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Flash Gordon

Flash Gordon

By Patrick Samuel • August 23rd, 2013
Static Mass Rating: 4/5
FLASH GORDON (MOVIE)
Universal Pictures

Original release: December 5th, 1980
Running time: 111 minutes

Director: Mike Hodges
Writers: Michael Allin, Lorenzo Semple, Jr., Alex Raymond
Composers: Queen, Howard Blake

Cast: Sam Jones, Melody Anderson, Chaim Topol, Max von Sydow, Ornella Muti, Brian Blessed, Timothy Dalton

Flash Gordon

Could there be another movie quite like Mike Hodges’ Flash Gordon? With its extravagant sets, lurid colours and a soundtrack by the legendary rock group Queen, it’s a one in a million film and there’s nothing else like it in the known universe.

I don’t remember exactly when I first saw it, but it was definitely on television during the 80s. Thankfully it was on a colour set, not the black and white one we had for a few years after I was born, so I didn’t miss out on the fantastic colours the movie had to offer. Aside from its action and adventure, what I remember being fascinated by was the music, and wondering afterwards why other movies didn’t sound the same. I found myself comparing it to Superman (1978), Supergirl (1984) and Masters Of The Universe (1987), and eventually coming to the conclusion that Flash Gordon was something of a one-off.

The film begins with Emperor Ming the Merciless (Max von Sydow) declaring that he’ll shower Earth with natural disasters before destroying it completely. We then meet New York Jets football star “Flash” Gordon (Sam J. Jones) who boards a plane together with travel journalist Dale Arden (Melody Anderson). Mid-flight the plane is hit by a meteorite and Flash takes control, managing to crash land it in a greenhouse owned by Dr. Hans Zarkov (Chaim Topol).

Zarkov believes the disasters are not natural and that they’re being sent from somewhere else. He’s built a rocket ship to investigate his theory and in no time at all Flash and Dale are on board with him to the planet Mongo.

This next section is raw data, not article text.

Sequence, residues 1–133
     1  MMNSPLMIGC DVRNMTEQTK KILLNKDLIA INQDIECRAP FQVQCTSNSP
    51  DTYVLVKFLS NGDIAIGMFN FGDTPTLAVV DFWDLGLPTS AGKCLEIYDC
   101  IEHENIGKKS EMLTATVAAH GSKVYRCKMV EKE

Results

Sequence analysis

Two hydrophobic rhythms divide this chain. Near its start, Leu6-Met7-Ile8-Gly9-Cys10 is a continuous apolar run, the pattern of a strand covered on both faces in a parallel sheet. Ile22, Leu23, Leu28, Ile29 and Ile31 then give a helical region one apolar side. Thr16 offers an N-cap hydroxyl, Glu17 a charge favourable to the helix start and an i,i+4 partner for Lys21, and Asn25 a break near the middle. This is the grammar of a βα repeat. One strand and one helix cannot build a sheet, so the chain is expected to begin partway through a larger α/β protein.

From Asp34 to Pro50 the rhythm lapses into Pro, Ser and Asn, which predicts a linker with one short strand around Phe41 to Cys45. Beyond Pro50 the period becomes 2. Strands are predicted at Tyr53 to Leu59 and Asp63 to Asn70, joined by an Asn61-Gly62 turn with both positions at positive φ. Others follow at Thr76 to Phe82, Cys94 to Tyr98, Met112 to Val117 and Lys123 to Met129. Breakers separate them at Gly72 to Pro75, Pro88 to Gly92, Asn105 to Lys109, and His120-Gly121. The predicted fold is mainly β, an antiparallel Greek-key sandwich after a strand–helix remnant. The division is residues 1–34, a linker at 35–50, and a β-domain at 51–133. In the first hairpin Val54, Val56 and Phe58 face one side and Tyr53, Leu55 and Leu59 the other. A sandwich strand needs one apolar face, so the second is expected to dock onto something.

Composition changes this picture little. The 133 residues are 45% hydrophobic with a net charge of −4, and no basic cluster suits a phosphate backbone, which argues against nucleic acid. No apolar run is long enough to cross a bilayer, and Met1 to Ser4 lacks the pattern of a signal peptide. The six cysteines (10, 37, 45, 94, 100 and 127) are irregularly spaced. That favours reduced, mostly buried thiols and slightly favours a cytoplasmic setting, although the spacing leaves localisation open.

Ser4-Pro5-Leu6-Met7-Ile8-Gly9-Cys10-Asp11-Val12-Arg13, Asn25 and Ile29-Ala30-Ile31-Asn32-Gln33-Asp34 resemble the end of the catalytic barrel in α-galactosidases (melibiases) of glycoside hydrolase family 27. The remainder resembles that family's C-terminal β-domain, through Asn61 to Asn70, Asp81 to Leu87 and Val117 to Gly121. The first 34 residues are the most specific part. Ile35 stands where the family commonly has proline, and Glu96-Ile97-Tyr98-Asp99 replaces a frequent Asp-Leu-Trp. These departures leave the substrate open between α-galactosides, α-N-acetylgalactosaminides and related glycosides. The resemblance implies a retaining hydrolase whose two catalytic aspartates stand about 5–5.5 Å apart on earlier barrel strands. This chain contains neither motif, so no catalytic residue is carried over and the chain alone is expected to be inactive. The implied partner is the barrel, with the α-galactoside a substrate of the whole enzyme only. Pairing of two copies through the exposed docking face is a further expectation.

Flash Gordon

Once they arrive there and are captured by Ming’s troops, Flash Gordon becomes a space opera with Dale gradually warming towards Flash as he fights to save her from becoming Ming’s reluctant bride and our planet from being destroyed.

With the help of Ming’s scheming and ardent daughter, Princess Aura (Ornella Muti), Flash escapes his death sentence, but the princess has other plans for him. Along the way he must also duel with Prince Barrin (Timothy Dalton) and form an alliance with a rebel group of Hawk-men led by Prince Vultan (Brian Blessed) if he has any hope of defeating Ming, saving Dale and Earth.

While the 70s and most of the 80s were responsible for a lot of camp cult classics, Flash Gordon, along with Masters Of The Universe, The Rocky –Flash GordonHorror Picture Show, and Little Shop Of Horrors (1986) tend to top the countdown lists and its no surprise why.

Queen’s electric soundtrack includes Flash’s Theme which is instantly recognisable with its unique synth melody and lyrics proclaiming “Flash, a-ah, saviour of the universe”. Viewers are also treated to shirtless screen time from Sam Jones as well as pair of very revealing leather shorts, but there’s also Ornella Muti’s revealing outfits to keep the boys happy too.

It’s hardly any surprise that the film continues to be enjoyed today by those who grew up with it, despite its poor reception when it was first released. There’s much to enjoy with its music, sets, special effects and costumes, if not the acting. While our superhero movies might’ve become more sophisticated in later years, this one still has a raw charm and vibrant energy to it that today’s attempts lack.

Patrick Samuel

Patrick Samuel

The founder of Static Mass Emporium and one of its Editors in Chief is an emerging artist with a philosophy degree, working primarily with pastels and graphite pencils, but he also enjoys experimenting with water colours, acrylics, glass and oil paints.

Being on the autistic spectrum with Asperger’s Syndrome, he is stimulated by bold, contrasting colours, intricate details, multiple textures, and varying shades of light and dark. Patrick's work extends to sound and video, and when not drawing or painting, he can be found working on projects he shares online with his followers.

Patrick returned to drawing and painting after a prolonged break in December 2016 as part of his daily art therapy, and is now making the transition to being a full-time artist. As a spokesperson for autism awareness, he also gives talks and presentations on the benefits of creative therapy.

Static Mass is where he lives his passion for film and writing about it. A fan of film classics, documentaries and science fiction, Patrick prefers films with an impeccable way of storytelling that reflect on the human condition.

Patrick Samuel ¦ Asperger Artist

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